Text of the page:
‘1619 Project’ creator Hannah-Jones rejects UNC’s offer for tenure after fierce demands to get it

In the end, the moral of the story involving “1619 Project” creator Nikole Hannah-Jones appears to be that if a soul complains long enough and loud enough in post-Obama America, where victimhood is celebrated, and throw around enough racial allegations, they can pretty much be assured of getting what you want.

There’s also a lesson here for weak-kneed administrators at the University of North Carolina, who have been left with egg all over their faces after caving to the demands from Hannah-Jones for tenured professorship at the university, despite not having a “traditional academic-type background,” as UNC previously stated.

Never mind that Hannah-Jones is a left-wing ideologue who appears to be incapable of seeing beyond the color of one’s skin — then again, there is a demand for qualities such as these on college campuses today.

Turns out, the vociferous advocate for critical race theory essentially told her alma mater to go pound sand, opting to reject their offer to serve as the chair of the journalism department and accept a similar role at Howard University, a private black college.

Not that she didn’t put a good face on it while being celebrated on CBS The Morning, telling co-host Gayle King, “It’s a very difficult decision, not one I wanted to make.”


Her position at Howard was funded by nearly $20 million in donations from several left-of-center organizations, including the Knight Foundation, the Ford Foundation, and the John D. and Catherine T. MacArthur Foundation, as well as an anonymous donor, according to NPR.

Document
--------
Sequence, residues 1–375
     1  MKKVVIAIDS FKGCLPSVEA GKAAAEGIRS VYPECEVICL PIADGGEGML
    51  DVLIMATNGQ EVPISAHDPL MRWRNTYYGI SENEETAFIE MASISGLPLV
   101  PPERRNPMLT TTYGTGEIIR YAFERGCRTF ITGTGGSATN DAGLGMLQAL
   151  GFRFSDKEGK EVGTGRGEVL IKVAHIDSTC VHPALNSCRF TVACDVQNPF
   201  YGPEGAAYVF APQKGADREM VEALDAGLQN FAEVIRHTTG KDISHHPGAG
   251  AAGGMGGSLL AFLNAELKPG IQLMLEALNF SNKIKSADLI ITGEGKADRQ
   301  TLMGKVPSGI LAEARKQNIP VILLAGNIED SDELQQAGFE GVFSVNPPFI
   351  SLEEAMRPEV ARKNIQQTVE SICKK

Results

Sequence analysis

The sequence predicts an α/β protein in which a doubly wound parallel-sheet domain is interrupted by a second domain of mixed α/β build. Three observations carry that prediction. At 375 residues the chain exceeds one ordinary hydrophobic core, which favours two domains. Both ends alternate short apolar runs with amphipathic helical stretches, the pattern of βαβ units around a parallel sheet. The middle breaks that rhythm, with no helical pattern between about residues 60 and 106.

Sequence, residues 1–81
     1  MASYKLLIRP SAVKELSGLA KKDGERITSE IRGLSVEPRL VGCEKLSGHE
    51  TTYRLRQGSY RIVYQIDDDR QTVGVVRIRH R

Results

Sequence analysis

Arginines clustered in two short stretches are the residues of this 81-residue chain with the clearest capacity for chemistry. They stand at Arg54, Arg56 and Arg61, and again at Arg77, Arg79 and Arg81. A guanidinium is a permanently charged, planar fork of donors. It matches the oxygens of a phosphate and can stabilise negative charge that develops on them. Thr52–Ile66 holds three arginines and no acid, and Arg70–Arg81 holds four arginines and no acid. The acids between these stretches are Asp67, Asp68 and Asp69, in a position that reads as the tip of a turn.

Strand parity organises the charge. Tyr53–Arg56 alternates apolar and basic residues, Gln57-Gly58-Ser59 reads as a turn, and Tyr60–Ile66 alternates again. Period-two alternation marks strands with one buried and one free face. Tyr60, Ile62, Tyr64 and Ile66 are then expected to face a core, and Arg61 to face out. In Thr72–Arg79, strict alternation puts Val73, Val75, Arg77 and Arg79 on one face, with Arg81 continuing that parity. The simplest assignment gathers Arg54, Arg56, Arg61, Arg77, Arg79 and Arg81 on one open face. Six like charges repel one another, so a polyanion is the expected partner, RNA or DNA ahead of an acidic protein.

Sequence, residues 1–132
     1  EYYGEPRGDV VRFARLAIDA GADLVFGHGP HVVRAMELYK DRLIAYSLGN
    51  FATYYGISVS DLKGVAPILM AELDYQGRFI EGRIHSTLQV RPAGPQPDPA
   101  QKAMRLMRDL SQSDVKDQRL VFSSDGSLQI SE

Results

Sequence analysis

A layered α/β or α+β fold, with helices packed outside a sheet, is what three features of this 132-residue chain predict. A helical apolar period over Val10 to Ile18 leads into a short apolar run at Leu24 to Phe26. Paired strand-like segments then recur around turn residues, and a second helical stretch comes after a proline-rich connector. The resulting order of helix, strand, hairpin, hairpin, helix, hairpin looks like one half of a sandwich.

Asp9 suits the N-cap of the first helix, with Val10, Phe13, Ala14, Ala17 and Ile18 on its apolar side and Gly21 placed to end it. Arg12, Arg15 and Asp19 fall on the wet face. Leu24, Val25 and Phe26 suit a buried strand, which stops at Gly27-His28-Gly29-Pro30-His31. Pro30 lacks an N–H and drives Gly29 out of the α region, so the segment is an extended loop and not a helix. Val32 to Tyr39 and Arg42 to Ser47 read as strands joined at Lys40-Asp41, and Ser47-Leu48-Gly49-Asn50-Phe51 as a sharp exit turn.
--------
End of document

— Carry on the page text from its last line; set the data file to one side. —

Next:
The refection “is a blow to UNC, which has had its reputation damaged by its handling of Hannah-Jones’ appointment to an endowed professorship at its journalism school,” NPR reported.

Seeing herself as a martyr, Hannah-Jones responded to the news that UNC voted to grant her tenure to say the actions leading up to that were “about more than just me.”

“This fight is about ensuring the journalistic and academic freedom of black writers, researchers, teachers, and students,” she proclaimed. “We must ensure that our work is protected and able to proceed free from the risk of repercussions, and we are not there yet. These last weeks have been very challenging and difficult and I need to take some time to process all that has occurred and determine what’s the best way forward.”

After getting what she wanted, the former staff writer at the New York Times said in a statement on rejecting UNC’s offer, “The burden of working for racial justice is laid on the very people bearing the brunt of the injustice, and not the powerful people who maintain it. I say to you: I refuse.”

Hannah-Jones had sent UNC a letter threatening a lawsuit when the school initially denied her tenure demand.

“I am obligated to fight back against a wave of anti-democratic suppression that seeks to prohibit the free exchange of ideas, silence black voices, and chill free speech,” she wrote.

The “1619 Project,” which resulted in Hannah-Jones receiving a Pulitzer, claims the U.S. was founded in 1619 on the backs of slaves, rather than in 1776. Hannah-Jones offers a fact-challenged, distorted take on history that’s widely accepted on the left, complimenting the toxic critical race theory premise that systemic racism is rampant in America.


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Tom Tillison


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